I spent several hours hiking from the house to the forestland of brooks, the big hill calling me despite its foot-deep snow, my feet complaining for the lack of skis or snowshoes, the chill of March protesting winter’s age and still no sign of spring. I bushwhacked into silence and a maze of animal tracks– the two-legged neighbors and the four-legged friends unseen, except for deer and a small band of sparrows. I heard no sounds other than my labored breath, my boots crunching through ice, the brook babbling under whiteness, the muted call of a distant nuthatch and a raven.
My bushwhack tour held no significance, no reason to be told, no question to be answered. It was just too cold for fishing in the brook or river, yet I needed to be out. I loved it when the sun appeared briefly from the bruised world and the cloudy dome above. Life was simplified for a moment or two, made sweet and stupid like a memory of youth, the hope for a brighter day ahead. I walked off the trail, among the twist and mess of winter changes, and indeed it seemed that the power of the world still works in circles (as Black Elk said), and that everything labors to be round.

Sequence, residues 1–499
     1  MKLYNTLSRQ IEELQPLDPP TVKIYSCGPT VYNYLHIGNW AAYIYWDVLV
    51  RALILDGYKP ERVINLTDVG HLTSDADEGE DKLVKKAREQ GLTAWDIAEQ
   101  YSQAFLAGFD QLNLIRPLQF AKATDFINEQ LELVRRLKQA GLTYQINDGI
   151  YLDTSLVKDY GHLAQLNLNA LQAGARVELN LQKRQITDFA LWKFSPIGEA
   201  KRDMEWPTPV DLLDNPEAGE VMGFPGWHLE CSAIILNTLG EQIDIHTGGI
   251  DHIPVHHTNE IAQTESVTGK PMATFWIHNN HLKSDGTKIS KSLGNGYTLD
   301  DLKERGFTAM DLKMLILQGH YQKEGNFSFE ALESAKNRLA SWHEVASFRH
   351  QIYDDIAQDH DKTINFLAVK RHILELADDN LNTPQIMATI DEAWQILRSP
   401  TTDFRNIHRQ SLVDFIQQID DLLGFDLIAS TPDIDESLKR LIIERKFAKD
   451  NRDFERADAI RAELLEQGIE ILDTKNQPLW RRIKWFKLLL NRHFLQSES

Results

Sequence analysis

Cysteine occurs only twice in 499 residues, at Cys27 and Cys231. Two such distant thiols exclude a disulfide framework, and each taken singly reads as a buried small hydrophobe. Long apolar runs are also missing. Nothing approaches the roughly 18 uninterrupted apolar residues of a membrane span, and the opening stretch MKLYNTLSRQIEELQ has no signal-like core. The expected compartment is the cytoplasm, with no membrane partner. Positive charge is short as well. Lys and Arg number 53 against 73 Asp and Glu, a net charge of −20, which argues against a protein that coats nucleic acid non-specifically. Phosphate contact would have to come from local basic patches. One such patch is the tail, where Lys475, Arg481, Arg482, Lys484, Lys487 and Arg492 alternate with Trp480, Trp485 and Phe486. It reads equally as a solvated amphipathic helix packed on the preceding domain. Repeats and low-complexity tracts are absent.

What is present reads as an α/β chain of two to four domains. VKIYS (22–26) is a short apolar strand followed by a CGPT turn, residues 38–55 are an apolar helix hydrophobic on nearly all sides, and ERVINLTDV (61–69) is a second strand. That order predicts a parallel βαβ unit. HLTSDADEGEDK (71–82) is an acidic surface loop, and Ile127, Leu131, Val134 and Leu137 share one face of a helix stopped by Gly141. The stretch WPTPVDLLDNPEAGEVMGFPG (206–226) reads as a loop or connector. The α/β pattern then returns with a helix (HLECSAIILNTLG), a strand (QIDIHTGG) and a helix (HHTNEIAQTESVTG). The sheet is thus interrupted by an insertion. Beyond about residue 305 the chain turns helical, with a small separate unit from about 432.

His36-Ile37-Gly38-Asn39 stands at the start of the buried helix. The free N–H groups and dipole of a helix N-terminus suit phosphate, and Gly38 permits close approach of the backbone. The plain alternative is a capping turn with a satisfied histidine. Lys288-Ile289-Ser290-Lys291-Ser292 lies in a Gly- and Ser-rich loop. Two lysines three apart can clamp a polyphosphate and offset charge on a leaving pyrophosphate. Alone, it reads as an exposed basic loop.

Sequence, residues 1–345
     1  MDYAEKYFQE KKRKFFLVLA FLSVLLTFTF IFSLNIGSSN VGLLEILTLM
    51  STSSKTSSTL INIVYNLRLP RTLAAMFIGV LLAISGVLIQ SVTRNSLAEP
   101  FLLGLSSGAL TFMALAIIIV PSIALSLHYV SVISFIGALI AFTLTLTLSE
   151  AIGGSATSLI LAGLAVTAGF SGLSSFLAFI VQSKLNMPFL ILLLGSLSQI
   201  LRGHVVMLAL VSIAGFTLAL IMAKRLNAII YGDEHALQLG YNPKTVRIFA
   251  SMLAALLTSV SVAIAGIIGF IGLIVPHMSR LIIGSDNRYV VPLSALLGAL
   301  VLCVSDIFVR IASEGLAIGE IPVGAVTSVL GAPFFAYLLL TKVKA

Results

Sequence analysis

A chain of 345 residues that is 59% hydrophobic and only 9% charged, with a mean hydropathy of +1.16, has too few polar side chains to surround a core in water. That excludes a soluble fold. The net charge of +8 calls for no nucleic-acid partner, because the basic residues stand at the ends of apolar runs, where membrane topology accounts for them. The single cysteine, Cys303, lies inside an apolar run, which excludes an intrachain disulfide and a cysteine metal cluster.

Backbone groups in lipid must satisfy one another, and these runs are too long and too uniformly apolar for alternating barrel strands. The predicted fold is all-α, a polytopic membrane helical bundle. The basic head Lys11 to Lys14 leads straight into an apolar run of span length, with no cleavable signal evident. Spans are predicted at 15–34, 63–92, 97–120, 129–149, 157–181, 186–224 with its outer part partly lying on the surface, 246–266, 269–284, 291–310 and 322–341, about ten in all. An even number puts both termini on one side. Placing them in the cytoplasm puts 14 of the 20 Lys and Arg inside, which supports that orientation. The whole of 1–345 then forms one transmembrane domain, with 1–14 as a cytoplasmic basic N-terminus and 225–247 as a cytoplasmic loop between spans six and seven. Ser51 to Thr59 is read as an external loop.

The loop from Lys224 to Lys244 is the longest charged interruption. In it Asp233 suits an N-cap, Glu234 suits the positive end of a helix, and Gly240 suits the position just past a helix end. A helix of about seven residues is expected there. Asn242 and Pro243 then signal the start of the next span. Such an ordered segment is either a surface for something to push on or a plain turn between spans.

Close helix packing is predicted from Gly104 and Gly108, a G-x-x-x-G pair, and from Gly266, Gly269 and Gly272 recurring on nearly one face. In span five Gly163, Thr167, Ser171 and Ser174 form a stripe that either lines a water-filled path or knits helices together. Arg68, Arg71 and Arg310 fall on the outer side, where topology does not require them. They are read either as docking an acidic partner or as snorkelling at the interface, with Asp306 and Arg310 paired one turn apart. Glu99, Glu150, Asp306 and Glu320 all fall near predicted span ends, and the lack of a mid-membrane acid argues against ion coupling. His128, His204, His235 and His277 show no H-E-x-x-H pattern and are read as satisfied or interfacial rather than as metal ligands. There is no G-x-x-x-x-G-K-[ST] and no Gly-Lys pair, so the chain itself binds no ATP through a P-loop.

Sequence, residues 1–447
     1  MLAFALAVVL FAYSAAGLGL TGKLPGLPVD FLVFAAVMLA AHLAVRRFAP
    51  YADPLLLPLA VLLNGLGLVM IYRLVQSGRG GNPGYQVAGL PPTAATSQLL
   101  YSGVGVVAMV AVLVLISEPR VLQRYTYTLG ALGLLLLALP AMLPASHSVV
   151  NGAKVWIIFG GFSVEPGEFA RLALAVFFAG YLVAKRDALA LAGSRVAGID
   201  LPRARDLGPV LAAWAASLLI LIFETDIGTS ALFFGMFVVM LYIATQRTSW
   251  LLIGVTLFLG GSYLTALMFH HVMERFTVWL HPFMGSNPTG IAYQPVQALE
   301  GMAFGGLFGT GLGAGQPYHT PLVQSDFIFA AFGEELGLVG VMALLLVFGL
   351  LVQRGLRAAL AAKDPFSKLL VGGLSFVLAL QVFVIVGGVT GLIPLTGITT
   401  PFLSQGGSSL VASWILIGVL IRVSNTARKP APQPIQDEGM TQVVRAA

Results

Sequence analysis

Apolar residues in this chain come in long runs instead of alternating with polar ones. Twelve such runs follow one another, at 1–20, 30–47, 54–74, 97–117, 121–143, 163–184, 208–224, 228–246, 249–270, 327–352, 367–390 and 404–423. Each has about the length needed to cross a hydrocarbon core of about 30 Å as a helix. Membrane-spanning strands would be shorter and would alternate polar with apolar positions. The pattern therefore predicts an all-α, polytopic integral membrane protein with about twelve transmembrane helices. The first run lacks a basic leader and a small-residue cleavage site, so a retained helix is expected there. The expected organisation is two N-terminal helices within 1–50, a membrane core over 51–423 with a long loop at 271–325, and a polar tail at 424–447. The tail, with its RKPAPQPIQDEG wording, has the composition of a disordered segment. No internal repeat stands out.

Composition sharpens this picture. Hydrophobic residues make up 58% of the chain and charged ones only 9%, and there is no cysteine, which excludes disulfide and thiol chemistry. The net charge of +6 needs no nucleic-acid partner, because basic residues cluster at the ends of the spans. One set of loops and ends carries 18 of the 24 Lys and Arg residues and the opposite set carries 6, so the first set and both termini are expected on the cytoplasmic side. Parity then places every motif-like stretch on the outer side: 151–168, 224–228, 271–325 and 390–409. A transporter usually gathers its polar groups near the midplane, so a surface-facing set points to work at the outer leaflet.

I believe there are spirits in each place that we inhabit. I can feel them in the streams and foothills where I fish and hike. These spirits are unlike small-winged humanoids (please!) living under bridges or flying around in Halloween garments. Instead, they seem to be natural energies, forms of life– a storied villager, a native trout, a tree sparrow, a raven, or a first spring wildflower. These particular lives inhabit our souls, forgotten maybe, but always there. Such lives will attract me forever, and for no great reason I go wandering and find them where I can.